My UI is asynchronous (Part 2)

We used the Dispatcher class in the last post to allow asynchrony. In this post we’ll use the power of TPL (Task Parallel Library) to update the UI.

We’ve seen TPL a bit with the Task.Factory.StartNew() method last time :

private void Asynchony1()
        {
            Task.Factory.StartNew(() =>
            {
                var message = this.LongRunningTask();
                Application.Current.Dispatcher.Invoke(new Action(() =>
                {
                    this.lblResult.Text = message;
                }));
            });
        }

But we’re mixing the long running method processing and the UI update in the same part of our code (the anonymous method). TPL allow us to define Task continuations. It means that we can add new code that will be executed only when the preceding thread is done or is in a certain state.

This time again we have to mention that our task has to be executed in the UI Thread. We do so by defining a parameter on the ContinueWith method call

    private void Asynchony1()
        {
            Task.Factory.StartNew<string>(() =>
            {
                return LongRunningTask();

            }).ContinueWith((re) =>
                            {
                                this.lblResult.Text = re.Result;
                            },
            TaskScheduler.FromCurrentSynchronizationContext());
        }

I slightly modify the StartNew call in order to indicate that it will return a result of type string. We use this return variable in the ContinueWith method via the lambda parameter. Calling the FromCurrentSynchronizationContext() method of TaskScheduler allow the code to be executed in the UI thread.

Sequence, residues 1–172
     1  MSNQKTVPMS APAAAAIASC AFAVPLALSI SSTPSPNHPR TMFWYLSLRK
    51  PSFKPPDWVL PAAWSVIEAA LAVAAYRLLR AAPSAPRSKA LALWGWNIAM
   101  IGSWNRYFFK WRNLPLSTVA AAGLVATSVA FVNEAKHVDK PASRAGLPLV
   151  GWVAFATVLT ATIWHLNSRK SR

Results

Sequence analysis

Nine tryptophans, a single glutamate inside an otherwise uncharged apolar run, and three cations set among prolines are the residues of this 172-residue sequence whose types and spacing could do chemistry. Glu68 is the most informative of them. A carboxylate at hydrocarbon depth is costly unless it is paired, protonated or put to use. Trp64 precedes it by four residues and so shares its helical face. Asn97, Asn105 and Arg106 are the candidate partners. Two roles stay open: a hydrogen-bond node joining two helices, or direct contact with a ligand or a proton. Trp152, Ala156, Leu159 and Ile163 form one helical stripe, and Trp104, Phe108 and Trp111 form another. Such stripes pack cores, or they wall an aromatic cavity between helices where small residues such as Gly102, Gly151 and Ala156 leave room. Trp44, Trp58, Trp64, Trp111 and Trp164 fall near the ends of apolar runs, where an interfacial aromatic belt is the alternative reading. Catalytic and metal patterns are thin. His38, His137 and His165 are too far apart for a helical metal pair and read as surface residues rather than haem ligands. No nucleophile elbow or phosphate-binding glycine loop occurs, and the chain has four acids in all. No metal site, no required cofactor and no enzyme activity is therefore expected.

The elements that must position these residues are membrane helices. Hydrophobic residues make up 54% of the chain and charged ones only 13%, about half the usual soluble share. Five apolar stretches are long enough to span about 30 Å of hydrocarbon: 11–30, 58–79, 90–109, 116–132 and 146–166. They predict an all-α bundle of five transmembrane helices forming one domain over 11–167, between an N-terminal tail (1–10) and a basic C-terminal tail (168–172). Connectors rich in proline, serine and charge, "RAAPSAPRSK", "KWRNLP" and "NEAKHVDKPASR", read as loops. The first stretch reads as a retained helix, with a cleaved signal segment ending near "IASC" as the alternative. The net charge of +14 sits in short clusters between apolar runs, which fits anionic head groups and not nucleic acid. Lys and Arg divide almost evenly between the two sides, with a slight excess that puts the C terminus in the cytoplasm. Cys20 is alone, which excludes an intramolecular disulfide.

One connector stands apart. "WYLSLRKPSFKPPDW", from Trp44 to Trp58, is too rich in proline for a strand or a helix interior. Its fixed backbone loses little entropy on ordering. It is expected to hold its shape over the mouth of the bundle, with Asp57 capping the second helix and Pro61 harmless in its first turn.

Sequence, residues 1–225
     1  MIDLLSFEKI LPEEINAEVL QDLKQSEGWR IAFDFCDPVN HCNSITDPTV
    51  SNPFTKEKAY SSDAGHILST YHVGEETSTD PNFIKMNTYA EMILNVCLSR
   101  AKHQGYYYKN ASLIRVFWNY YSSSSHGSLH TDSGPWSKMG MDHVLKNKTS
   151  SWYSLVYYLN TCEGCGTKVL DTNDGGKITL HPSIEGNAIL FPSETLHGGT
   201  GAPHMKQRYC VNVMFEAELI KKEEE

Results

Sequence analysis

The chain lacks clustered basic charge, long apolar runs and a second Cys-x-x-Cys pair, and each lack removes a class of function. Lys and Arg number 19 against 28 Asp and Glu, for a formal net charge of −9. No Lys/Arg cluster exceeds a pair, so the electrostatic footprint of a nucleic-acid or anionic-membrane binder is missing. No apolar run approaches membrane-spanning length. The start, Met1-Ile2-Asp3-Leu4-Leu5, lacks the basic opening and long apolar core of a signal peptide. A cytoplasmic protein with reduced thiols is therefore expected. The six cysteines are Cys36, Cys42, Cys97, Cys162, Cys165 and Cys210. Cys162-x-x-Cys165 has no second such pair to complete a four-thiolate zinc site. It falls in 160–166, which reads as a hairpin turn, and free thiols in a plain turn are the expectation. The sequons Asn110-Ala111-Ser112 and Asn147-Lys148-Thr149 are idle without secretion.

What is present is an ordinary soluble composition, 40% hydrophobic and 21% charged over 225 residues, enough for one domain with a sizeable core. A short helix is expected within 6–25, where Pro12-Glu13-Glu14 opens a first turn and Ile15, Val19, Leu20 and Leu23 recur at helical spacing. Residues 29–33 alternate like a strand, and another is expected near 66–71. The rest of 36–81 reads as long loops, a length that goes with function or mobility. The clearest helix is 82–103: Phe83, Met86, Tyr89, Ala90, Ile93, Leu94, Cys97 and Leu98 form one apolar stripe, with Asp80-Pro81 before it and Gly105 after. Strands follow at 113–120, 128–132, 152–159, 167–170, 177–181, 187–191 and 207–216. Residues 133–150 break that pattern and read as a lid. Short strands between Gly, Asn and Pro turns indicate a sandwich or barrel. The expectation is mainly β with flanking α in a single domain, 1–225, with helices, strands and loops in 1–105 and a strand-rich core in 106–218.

A bit further

This time we want to manage the case that an exception is being thrown in our long running method. We can do this by assigning two ContinueWith call to our StartNew method. With TaskContinuationOptions we can set the task to be executed only when the preceding Task was faulted or was ran to completion (and there are a lot more options available).

I used named parameters in my example, I think it’s better to see quickly which parameter correspond to which expected one.

private void Asynchony1()
        {
            var tPrincipal = Task.Factory.StartNew<string>(() =>
              {
                  //throw new Exception();
                  return LongRunningTask();

              });

            tPrincipal.ContinueWith(
                scheduler: TaskScheduler.FromCurrentSynchronizationContext(),
                continuationAction: (re) =>
                {
                    this.lblResult.Text = re.Result;
                });
            tPrincipal.ContinueWith(
                continuationOptions: TaskContinuationOptions.OnlyOnFaulted,
                scheduler: TaskScheduler.FromCurrentSynchronizationContext(),
                cancellationToken: CancellationToken.None,
                continuationAction: (re) =>
                {
                    this.lblResult.Text = "Error has occured";
                });
        }

It looks a bit verbose but it’s very powerful I think. To test it just uncomment the throw new exception code and it will execute the second ContinueWith call.